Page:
Return Leading Digits from a Varchar String

Thank you all in advance!

I have a column with data that looks like this

1 - Snoopy
2 - Marmadook
3 - Fido
.
.
.
.
14 - Kujo


When I query the column/table, I would like to display only the leading digits. digit values do not go over 99.

Thanks again!
Victor Naresdb DeveloperAsked:
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Kent OlsenDBACommented:
Are there always leading digits and are they always followed by ' - '?

If so, just search for ' - ' and display the text to the left of it.
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PortletPaulEE Topic AdvisorCommented:
Assuming there is at least one space after the number, then search for that first space, and take just the left portion of the column up to that position:

LEFT( your_column, CHARINDEX ( ' ', your_column, 1 )   )
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Scott PletcherSenior DBACommented:
LEFT(your_column, PATINDEX('%[^0-9]%', your_column) - 1)

That removes any dependency on specific naming pattern, other than that the digits come first.  For example:

SELECT *, LEFT(your_column, PATINDEX('%[^0-9]%', your_column) - 1) AS leading_digits
FROM (VALUES('1 - Snoopy'),('2 - Marmadook'),('3 - Fido'),('14 - Kujo'),
('5Lassie'),('6    Rin Tin Tin'),('7(Spiderman)')) AS data(your_column)
1

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Mark WillsTopic AdvisorCommented:
Concur with Scott,

While he was answering, I was on phone and only just saw his answer which is same as mine (in essence) below. Though, didnt have the -1 in determining the length (and is needed)

declare @str varchar(200) = '12. abdcdef'

select left(@str, patindex('%[^0-9]%',@str))

-- adding in the -1

select left(@str, patindex('%[^0-9]%',@str) - 1)

Just swap @str for your data column and add in the from datasource....  Might want to add in some checks (or a case condition) to make sure the patindex retruns a non-zero position...
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Pawan KumarDatabase ExpertCommented:
Minor Addition..
(no pts pls)The above will fail if have data like...just 33, to handle that you need to use a case statement like below

SELECT *,CASE WHEN PATINDEX('%[^0-9]%', your_column) = 0 THEN your_column ELSE LEFT(your_column, PATINDEX('%[^0-9]%', your_column) - 1) END 
AS leading_digits FROM (VALUES('1 - Snoopy'),('2 - Marmadook'),('3 - Fido'),('33'),('14 - Kujo'),
('5Lassie'),('6    Rin Tin Tin'),('7(Spiderman)')) AS data(your_column)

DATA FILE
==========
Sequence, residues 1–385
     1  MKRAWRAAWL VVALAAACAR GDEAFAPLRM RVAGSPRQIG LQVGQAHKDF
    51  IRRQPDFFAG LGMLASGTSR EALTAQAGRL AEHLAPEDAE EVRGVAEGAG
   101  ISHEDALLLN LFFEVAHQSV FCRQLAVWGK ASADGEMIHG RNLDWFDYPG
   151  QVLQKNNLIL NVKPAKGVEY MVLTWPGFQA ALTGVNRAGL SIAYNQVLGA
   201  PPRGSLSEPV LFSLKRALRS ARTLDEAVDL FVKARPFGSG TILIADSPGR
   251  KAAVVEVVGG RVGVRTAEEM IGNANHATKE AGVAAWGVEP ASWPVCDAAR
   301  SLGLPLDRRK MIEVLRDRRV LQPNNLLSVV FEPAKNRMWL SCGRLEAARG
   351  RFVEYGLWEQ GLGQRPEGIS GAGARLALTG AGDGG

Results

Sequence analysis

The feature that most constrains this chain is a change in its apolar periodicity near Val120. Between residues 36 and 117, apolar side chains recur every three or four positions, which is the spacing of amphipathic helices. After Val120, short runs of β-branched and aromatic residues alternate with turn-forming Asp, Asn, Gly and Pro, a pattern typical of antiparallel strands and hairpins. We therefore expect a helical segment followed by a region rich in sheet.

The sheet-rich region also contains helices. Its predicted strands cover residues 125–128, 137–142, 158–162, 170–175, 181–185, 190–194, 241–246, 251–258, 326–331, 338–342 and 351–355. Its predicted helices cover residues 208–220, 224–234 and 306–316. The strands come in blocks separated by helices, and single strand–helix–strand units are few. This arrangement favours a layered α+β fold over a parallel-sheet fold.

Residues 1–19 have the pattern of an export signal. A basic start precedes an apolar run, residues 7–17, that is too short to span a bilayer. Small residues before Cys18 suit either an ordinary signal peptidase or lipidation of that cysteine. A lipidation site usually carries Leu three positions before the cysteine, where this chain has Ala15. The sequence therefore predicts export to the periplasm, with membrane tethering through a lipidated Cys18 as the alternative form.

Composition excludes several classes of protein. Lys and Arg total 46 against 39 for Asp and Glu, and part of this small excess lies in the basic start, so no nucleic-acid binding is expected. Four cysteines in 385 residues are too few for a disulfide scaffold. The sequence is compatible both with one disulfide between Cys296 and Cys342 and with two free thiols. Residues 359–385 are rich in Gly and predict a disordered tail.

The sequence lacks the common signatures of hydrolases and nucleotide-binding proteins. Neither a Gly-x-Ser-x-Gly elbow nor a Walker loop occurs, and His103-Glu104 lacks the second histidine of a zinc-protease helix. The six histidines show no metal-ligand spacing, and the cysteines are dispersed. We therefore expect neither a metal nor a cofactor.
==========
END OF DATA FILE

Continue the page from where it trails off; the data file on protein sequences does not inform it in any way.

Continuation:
Open in new window


OUTPUT
/*------------------------
SELECT *,CASE WHEN PATINDEX('%[^0-9]%', your_column) = 0 THEN your_column ELSE LEFT(your_column, PATINDEX('%[^0-9]%', your_column) - 1) END 
AS leading_digits FROM (VALUES('1 - Snoopy'),('2 - Marmadook'),('3 - Fido'),('33'),('14 - Kujo'),
('5Lassie'),('6    Rin Tin Tin'),('7(Spiderman)')) AS data(your_column)
------------------------*/
your_column      leading_digits
---------------- ----------------
1 - Snoopy       1
2 - Marmadook    2
3 - Fido         3
33               33
14 - Kujo        14
5Lassie          5
6    Rin Tin Tin 6
7(Spiderman)     7

(8 row(s) affected)

Open in new window

no pts pls.
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Scott PletcherSenior DBACommented:
Good point.  I needed to foolproof the non-numeric check:

LEFT(your_column, PATINDEX('%[^0-9]%', your_column + '.') - 1)

SELECT *,
    LEFT(your_column, PATINDEX('%[^0-9]%', your_column + '.') - 1) AS [leading_digit(s)]
FROM (VALUES('1 - Snoopy'),('2 - Marmadook'),('3 - Fido'),('14 - Kujo'),
('5Lassie'),('6    Rin Tin Tin'),('7(Spiderman)'),('8'),('33'),('777')) AS data(your_column)
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Mark WillsTopic AdvisorCommented:
Yeah, doing the  +'.'  to a string is fine except if NULL, or if only numbers (like your 777 example)....

So long as the string has length, we can always subtract 1. If no numbers then it will return a 1. Adding a '.' might yield an incorrect result.

Was thinking:

select case when patindex('%[^0-9]%',@str) > 1 then left(@str, patindex('%[^0-9]%',@str) - 1) else 'format issue' end

but I am sure the asker is getting the idea now, and your original extracting the number component  works


EDIT: just noticed pawan's comment using the suggestion of a case statement - sorry to all, just started back posting in open questions and not remembering to refresh first... Duh... Not for the slow typist....
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PortletPaulEE Topic AdvisorCommented:
'case expression'

Expressions, which can produce either scalar values, or tables consisting of columns and rows of data
Statements, which may have a persistent effect on schemata and data, or may control transactions, program flow, connections, sessions, or diagnostics.

I know T-SQL documentation itself confuses the distinction, but a `case expression` returns a value
1
Pawan KumarDatabase ExpertCommented:
NO PTS PLS.

>>Yeah, doing the  +'.'  to a string is fine except if NULL, or if only numbers (like your 777 example).... So long as the string has length, we can always subtract 1. If no numbers then it will return a 1. Adding a '.' might yield an incorrect result.